Riiiight. One day people like you will wake up and realize that “hope” and “change” were just NLP words used to con you.

  75. asoka December 15, 2009 at 4:30 pm #

    OEO/FeFe/zzzzz/DSM 300.14 said: “Christians are supposed to go out in the world and spread the word.”
    Fucktard? Moron? Which of the words you are spreading is “the word” you are referring to?
    You are such a wonderful example of Christianity. Thanks for confirming my decision to leave the Christian church… (some of my best friends are Christian… I just don’t allow them to “spread the word”)

  76. george December 15, 2009 at 4:39 pm #

    deacon-john: You made my point for me. I didn’t say I grew up in the Balkans, I said my parents’ did. I grew up in wonderful Detroit, Michigan. By the way deacon-john, I never said I was an atheist, only that Christmas isn’t all it’s cracked up to be. Did you know that more people commit suicide at Christmas than any other time of year? How about the annual orgy [or rather disgrace as my 90-year old aunt put it] of gift-giving that puts millions if consumers into crushing debt? And while were at it, do you think Jesus would approve of the excessive partying, fueled by copious quantities of alcohol, that mark this festive holiday season? The fact of the matter is that Christmas has outlived its’ usefulness and its’ only purpose is to encourage gluttony and greed among feeble-minded Americans.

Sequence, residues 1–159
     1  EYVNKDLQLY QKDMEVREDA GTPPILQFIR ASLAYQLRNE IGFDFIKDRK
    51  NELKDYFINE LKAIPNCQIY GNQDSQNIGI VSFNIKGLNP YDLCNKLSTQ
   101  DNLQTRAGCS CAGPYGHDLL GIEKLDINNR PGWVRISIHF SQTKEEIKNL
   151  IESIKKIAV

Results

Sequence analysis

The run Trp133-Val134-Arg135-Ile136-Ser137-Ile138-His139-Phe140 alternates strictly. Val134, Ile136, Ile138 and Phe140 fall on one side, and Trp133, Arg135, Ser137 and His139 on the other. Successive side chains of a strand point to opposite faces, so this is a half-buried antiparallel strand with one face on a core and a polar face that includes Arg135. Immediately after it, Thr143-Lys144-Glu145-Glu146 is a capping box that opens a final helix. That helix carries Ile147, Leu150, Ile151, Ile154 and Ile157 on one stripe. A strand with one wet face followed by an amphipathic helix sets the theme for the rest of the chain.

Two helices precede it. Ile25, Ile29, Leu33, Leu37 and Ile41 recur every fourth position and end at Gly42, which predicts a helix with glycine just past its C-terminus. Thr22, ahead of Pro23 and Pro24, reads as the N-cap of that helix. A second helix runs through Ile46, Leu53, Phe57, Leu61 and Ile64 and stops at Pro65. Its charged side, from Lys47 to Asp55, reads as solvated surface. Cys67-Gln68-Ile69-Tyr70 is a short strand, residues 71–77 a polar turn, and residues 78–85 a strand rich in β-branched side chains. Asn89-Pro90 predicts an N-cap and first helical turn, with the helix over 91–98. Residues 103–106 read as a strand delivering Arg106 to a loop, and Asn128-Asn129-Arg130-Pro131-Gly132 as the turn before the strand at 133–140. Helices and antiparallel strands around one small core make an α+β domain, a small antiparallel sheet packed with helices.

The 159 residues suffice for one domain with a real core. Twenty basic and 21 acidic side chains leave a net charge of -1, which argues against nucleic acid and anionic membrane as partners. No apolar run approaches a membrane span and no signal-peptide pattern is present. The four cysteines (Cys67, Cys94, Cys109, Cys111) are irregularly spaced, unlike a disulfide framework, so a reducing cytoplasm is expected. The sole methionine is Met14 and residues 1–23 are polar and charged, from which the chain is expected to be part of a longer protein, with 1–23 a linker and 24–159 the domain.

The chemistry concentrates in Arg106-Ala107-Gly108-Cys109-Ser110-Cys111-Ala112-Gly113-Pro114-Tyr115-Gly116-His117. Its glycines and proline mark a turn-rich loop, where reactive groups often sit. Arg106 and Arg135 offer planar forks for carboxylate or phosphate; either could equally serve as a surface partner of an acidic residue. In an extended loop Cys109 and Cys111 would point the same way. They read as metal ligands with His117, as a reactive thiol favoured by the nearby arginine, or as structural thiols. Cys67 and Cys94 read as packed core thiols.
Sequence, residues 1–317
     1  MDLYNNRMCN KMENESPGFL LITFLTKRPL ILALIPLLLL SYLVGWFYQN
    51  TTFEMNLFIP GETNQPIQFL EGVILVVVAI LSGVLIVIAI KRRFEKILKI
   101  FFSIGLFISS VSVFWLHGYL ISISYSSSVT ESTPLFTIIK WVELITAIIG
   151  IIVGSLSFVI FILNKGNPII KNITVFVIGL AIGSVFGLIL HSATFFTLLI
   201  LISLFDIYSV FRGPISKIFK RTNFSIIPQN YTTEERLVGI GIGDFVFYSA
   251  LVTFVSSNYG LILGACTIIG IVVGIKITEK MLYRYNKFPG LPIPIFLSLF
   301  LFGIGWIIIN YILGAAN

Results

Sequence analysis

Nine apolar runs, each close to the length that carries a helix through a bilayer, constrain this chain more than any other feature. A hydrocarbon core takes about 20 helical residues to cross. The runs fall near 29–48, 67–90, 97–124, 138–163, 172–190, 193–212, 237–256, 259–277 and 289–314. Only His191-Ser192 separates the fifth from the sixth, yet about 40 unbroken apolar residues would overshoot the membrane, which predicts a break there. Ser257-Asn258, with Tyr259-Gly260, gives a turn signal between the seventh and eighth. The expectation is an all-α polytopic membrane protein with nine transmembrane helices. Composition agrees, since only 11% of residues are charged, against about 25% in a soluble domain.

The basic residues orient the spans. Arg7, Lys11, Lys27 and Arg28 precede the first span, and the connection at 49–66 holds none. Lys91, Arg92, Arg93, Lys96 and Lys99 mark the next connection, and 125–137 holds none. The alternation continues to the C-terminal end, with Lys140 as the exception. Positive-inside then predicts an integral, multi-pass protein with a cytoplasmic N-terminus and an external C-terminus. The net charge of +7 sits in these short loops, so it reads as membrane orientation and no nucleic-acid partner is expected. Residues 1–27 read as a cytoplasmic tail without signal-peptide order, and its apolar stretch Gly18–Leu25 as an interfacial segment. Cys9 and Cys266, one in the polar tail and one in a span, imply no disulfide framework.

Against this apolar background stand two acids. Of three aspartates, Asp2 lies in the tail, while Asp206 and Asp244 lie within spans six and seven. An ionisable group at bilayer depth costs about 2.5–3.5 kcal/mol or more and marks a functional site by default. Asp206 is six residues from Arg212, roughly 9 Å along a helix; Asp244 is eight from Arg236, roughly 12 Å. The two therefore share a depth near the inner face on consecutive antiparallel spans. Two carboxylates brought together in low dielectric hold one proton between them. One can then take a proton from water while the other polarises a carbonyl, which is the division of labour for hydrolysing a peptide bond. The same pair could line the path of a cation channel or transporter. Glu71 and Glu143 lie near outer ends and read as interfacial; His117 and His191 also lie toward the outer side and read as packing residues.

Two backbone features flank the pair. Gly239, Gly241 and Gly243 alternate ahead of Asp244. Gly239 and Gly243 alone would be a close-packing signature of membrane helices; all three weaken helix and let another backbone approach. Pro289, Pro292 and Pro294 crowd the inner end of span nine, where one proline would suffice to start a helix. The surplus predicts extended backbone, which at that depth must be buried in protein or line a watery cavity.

77. Poet December 15, 2009 at 6:05 pm #

    Hi Jim–
    In case you have not seen it, “The Story of Stuff” is very entertaioning and pretty careful exposition of our consumer culture. Takes about 21 minutes to watch the whole thing and you can find it at:






  78. antimatter December 15, 2009 at 6:30 pm #

    I think Jim that you and Dimitry Orlov are about 10 years out in terms of when a majority of Americans will begin to experience what you and he speak to. He has the advantage of having lived through the collapse of the Soviet Union, and he might also have the advantage of knowing what it was like to ‘survive’ Bosnia-Hertzogovenia, which itself was a death sentence. But your book Jim, “The Long Emergency,” speaks to the slow slide.